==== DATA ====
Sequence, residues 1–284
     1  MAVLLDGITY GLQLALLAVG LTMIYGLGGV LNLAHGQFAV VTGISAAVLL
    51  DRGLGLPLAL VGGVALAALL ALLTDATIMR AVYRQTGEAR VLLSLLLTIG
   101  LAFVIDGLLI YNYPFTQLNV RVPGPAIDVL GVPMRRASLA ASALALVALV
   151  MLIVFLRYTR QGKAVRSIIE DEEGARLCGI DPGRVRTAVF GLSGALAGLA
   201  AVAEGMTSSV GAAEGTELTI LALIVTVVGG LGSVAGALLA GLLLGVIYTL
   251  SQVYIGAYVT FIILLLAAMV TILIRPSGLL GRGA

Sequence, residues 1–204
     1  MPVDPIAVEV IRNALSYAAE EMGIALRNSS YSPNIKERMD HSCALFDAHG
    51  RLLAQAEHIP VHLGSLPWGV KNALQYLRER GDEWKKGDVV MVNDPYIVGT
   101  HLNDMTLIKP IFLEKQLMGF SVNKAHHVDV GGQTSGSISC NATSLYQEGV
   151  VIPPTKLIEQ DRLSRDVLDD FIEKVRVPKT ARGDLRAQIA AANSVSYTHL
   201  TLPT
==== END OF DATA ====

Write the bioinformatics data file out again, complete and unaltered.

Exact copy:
Sequence, residues 1–284
     1  MAVLLDGITY GLQLALLAVG LTMIYGLGGV LNLAHGQFAV VTGISAAVLL
    51  DRGLGLPLAL VGGVALAALL ALLTDATIMR AVYRQTGEAR VLLSLLLTIG
   101  LAFVIDGLLI YNYPFTQLNV RVPGPAIDVL GVPMRRASLA ASALALVALV
   151  MLIVFLRYTR QGKAVRSIIE DEEGARLCGI DPGRVRTAVF GLSGALAGLA
   201  AVAEGMTSSV GAAEGTELTI LALIVTVVGG LGSVAGALLA GLLLGVIYTL
   251  SQVYIGAYVT FIILLLAAMV TILIRPSGLL GRGA

Sequence, residues 1–204
     1  MPVDPIAVEV IRNALSYAAE EMGIALRNSS YSPNIKERMD HSCALFDAHG
    51  RLLAQAEHIP VHLGSLPWGV KNALQYLRER GDEWKKGDVV MVNDPYIVGT
   101  HLNDMTLIKP IFLEKQLMGF SVNKAHHVDV GGQTSGSISC NATSLYQEGV
   151  VIPPTKLIEQ DRLSRDVLDD FIEKVRVPKT ARGDLRAQIA AANSVSYTHL
   201  TLPT